How to max out living space.
There's a lot to be learned from our 2018 Idea House renovation. We hired architect Chris Sanders to turn an outdated, four-bedroom, three-bath house from the 1980s into a spacious four bedroom, four and a half bath, updated family home without any additions. Learn his reasoning behind how he draws a floor plan for today's living and then, buy his exact plan, The Ridge Number 1973!
Create a Central Hub
Before, the main rooms were located in the middle of the house and were closed off to each other. To create a more livable, light-filled floor plan, Chris shifted the kitchen to the middle of the home and opened it up to a family room, which neighbors the sunroom that leads outside to the porch.
Redefine the Master Suite
Previously, the entry to the master suite was to the left of the fireplace in the family room. To provide more privacy and add a window in the bedroom, Chris created a sitting area on the porch side of the room and placed the door there. These changes also made space for a roomier closet and bath.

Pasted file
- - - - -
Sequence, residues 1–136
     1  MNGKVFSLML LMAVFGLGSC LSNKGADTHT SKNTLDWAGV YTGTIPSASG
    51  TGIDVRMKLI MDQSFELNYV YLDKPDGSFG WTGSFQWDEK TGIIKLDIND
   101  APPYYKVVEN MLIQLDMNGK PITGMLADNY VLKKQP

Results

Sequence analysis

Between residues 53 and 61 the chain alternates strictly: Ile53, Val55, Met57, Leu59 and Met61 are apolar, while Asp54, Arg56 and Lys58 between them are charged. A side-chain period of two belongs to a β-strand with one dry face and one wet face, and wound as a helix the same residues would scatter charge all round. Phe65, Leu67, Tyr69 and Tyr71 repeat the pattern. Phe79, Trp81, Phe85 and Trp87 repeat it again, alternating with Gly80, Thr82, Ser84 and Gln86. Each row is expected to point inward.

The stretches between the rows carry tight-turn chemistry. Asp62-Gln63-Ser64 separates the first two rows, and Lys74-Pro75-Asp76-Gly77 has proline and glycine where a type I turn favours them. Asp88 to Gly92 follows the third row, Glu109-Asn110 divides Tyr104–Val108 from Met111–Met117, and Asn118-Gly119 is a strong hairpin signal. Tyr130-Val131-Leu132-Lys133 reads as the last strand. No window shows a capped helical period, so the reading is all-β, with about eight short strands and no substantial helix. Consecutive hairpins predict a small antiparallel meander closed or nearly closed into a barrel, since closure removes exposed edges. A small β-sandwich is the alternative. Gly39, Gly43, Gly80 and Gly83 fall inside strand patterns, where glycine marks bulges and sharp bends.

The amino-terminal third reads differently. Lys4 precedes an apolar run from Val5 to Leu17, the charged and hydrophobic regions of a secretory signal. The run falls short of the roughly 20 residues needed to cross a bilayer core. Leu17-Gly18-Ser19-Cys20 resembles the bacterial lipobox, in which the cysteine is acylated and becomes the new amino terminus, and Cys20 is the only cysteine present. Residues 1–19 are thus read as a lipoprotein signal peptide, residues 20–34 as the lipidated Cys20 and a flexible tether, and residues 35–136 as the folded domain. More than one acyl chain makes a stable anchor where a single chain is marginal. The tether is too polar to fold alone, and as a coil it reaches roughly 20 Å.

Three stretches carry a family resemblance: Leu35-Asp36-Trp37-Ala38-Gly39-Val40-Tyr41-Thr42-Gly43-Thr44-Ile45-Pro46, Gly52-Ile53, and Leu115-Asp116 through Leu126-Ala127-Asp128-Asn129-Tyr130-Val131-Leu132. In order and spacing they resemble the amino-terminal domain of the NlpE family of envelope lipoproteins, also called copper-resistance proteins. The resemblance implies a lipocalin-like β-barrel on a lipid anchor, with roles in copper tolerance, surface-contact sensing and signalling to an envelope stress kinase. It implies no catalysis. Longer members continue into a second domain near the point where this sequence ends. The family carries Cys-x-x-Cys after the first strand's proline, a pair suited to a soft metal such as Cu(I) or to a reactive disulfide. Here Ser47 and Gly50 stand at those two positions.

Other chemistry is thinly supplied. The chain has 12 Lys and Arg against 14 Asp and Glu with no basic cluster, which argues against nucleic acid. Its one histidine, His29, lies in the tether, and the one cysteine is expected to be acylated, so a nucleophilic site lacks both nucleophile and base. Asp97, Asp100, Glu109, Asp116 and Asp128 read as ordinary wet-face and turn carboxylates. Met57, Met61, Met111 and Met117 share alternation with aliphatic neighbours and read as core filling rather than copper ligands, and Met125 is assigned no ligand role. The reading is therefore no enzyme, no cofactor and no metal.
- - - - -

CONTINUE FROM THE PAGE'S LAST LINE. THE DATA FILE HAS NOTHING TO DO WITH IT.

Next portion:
Fit in a Half Bath
One of the most expensive and dramatic changes revolved around adding the half bath. Like a puzzle piece, the powder room fits into the same block of wall that the pantry occupies between the mudroom and sunroom. This addition was costly because the contractors had to cut into the slab foundation to install the plumbing, but the expense should be recouped in the resale value.
Enlarge the Upstairs Bedrooms
The home's original builder had not pushed the walls in the children's bedrooms as far back as they could go. So this team reframed the walls out to the eaves, capturing an extra 75 square feet for each room.
Eke Out Two Full Baths
Jack-and-Jill baths are ideal for young siblings but may not work as well when kids get older. Chris divided the shared shower-and-toilet area into two separate showers and toilets. Space was tight, so he placed the sinks in alcoves located in each of the bedrooms.